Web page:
Writing in this week 's Nation, John Nichols and Robert McChesney catalogue the various strategies that have been deployed, charging, "with its unprecedented campaign to undermine and, where possible, eliminate independent journalism, the Bush Administration has demonstrated astonishing contempt for the Constitution and considerable fear of an informed public. "
We know that other governments have shown little restraint. An Indonesian and a Russian journalist were poisoned on airplanes in high profile cases. Others have been "disappeared, " killed, jailed and tortured. Groups like Reporters Without Borders and the International Federation of reporters compile the cases and regularly call for justice.
In our country, the Committee to Protect Journalists has played that role well with important documentation and action alerts. Each year, usually at a fancy hotel in New York, they also have a pricey fundraising dinner hosted by network anchors in tuxedos who give prestigious awards to gutsy journalists and freedom of the press advocates. All the big media companies buy tables and pat themselves on the back for upholding the first amendment. They make videos honoring the courage of media messengers. Unfortunately, those videos and their stories rarely get on the air in their networks. In my book The More You Watch The Less You Know, I derided the annual feel-good affair as "human rights for a night. "
Why aren 't these companies speaking out when other media organizations like Al Jazeera are threatened and attacked? What are they doing to demand independent inquiries into the killings of journalists and media staff? The toll in Iraq now stands at 93, and the Reuters bureau chief in Baghdad says the US military poses a bigger threat to newsgathering than the insurgents. (Reuters has bravely challenged the Pentagon to tell the truth!)
Did major media outlets tune out of the story because the White House dismissed it as "outlandish? Jeremy Schahill writes:
"Is the allegation "outlandish," as the White House claims? Or was it a deadly serious option? Until a news organization or British official defies the Official Secrets Act and publishes the five-page memo, we have no way of knowing. But what we do know is that at the time of Bush's White House meeting with Blair, the Bush Administration was in the throes of a very public, high-level temper tantrum directed against Al Jazeera. The Bush-Blair summit took place on April 16, at the peak of the first US siege of Falluja, and Al Jazeera was there to witness the assault and the fierce resistance.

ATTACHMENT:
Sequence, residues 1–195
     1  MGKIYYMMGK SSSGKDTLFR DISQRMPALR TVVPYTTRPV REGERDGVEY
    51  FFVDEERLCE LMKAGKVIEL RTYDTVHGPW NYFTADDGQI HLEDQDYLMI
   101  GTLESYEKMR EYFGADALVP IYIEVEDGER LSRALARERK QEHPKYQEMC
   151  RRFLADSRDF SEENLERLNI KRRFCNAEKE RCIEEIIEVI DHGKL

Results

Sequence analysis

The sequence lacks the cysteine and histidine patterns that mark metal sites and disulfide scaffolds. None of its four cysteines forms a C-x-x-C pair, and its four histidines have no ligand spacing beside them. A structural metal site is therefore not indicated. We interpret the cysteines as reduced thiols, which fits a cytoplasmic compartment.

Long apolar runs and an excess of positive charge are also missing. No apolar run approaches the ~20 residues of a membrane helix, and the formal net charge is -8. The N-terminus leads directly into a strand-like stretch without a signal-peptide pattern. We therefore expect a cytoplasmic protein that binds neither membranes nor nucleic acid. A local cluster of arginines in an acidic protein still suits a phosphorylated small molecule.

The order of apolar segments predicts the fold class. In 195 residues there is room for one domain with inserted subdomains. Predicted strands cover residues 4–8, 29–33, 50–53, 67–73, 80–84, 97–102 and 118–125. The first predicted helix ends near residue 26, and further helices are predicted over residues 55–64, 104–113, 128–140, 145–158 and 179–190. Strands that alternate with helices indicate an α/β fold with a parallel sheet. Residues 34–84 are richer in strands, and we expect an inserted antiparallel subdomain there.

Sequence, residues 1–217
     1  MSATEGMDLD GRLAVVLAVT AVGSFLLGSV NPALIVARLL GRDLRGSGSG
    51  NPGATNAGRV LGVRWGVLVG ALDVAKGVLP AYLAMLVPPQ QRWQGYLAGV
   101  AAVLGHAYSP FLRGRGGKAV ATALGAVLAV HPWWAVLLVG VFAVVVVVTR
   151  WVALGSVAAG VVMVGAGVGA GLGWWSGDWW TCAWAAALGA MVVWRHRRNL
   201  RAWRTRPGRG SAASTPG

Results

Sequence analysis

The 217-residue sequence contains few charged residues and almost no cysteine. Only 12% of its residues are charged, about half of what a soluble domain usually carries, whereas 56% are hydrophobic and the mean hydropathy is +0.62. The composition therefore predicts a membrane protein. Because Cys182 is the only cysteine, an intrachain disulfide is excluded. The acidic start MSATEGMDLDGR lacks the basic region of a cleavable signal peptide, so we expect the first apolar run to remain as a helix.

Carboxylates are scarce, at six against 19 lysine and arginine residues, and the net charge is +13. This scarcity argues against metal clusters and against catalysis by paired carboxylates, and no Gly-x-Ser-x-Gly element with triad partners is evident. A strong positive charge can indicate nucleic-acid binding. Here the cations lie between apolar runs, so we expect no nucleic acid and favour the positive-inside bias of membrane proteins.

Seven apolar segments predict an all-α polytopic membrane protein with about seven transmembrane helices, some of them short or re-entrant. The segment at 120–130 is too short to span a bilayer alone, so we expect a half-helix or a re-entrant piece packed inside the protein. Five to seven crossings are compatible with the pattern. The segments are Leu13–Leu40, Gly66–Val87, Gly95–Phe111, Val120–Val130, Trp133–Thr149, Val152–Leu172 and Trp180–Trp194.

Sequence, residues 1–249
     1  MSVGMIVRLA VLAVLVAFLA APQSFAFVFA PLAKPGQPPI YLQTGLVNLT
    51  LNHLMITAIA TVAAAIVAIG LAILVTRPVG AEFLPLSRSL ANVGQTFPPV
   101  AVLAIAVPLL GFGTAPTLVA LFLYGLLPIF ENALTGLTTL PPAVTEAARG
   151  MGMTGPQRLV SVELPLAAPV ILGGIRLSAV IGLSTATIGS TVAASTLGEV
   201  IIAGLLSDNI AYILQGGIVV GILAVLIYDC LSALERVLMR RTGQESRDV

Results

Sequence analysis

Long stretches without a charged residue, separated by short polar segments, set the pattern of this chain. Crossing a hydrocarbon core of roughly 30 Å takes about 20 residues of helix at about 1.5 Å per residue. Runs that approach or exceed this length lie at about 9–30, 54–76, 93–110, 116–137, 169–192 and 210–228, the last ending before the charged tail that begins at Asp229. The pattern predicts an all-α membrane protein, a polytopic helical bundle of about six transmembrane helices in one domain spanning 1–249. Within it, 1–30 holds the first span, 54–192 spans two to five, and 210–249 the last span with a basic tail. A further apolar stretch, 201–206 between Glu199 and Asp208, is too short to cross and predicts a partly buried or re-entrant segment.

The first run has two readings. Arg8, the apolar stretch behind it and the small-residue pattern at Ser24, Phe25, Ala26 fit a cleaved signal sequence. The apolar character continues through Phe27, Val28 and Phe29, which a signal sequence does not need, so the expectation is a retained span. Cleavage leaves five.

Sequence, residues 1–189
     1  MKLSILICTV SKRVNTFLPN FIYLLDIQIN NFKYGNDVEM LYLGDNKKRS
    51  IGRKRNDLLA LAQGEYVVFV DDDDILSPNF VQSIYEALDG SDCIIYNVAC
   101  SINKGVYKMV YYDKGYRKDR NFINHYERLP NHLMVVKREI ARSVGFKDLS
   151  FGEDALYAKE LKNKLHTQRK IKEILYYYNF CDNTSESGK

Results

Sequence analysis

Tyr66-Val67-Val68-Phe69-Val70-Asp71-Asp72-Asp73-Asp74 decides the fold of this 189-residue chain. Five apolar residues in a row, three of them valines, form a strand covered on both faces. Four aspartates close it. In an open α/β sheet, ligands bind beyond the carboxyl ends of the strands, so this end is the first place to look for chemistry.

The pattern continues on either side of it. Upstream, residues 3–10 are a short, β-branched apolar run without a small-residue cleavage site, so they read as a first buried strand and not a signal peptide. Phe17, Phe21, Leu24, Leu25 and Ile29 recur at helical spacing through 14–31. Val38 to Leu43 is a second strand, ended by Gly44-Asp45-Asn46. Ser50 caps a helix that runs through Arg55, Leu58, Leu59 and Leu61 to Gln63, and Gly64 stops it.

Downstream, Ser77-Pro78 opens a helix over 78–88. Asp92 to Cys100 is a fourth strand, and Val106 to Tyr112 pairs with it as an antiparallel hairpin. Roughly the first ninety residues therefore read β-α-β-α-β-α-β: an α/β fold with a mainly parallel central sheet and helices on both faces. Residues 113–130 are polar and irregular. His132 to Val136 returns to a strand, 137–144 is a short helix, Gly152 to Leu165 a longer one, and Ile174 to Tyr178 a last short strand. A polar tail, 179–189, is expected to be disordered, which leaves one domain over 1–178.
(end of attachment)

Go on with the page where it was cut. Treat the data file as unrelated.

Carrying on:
"A day before Bush's meeting with Blair, Defense Secretary Donald Rumsfeld slammed Al Jazeera in distinctly undiplomatic terms:
REPORTER: Can you definitively say that hundreds of women and children and innocent civilians have not been killed?
RUMSFELD: I can definitively say that what Al Jazeera is doing is vicious, inaccurate and inexcusable.
REPORTER: Do you have a civilian casualty count?
RUMSFELD: Of course not, we're not in the city. But you know what our forces do; they don't go around killing hundreds of civilians. That's just outrageous nonsense. It's disgraceful what that station is doing.
"What Al Jazeera was doing in Falluja is exactly what it was doing when the United States bombed its offices in Afghanistan in 2001 and when US forces killed Al Jazeera's Baghdad correspondent, Tareq Ayoub, during the April 2003 occupation of Baghdad. Al Jazeera was witnessing and reporting on events Washington did not want the world to see. "
Al Jazeera staffers now have a blog called "Don 't bomb Us. "
He did. Here are some pictures:
Their staff staged a symbolic protest. They are aware that the Clinton Administration bombed the TV station in Belgrade and the Bush Administration did the same to the Iraq TV Headquarters in Baghdad. Al Jazeera demands that the British government disclose its secret document and confirm or deny the truth of the allegations. The Bush Administration must do the same.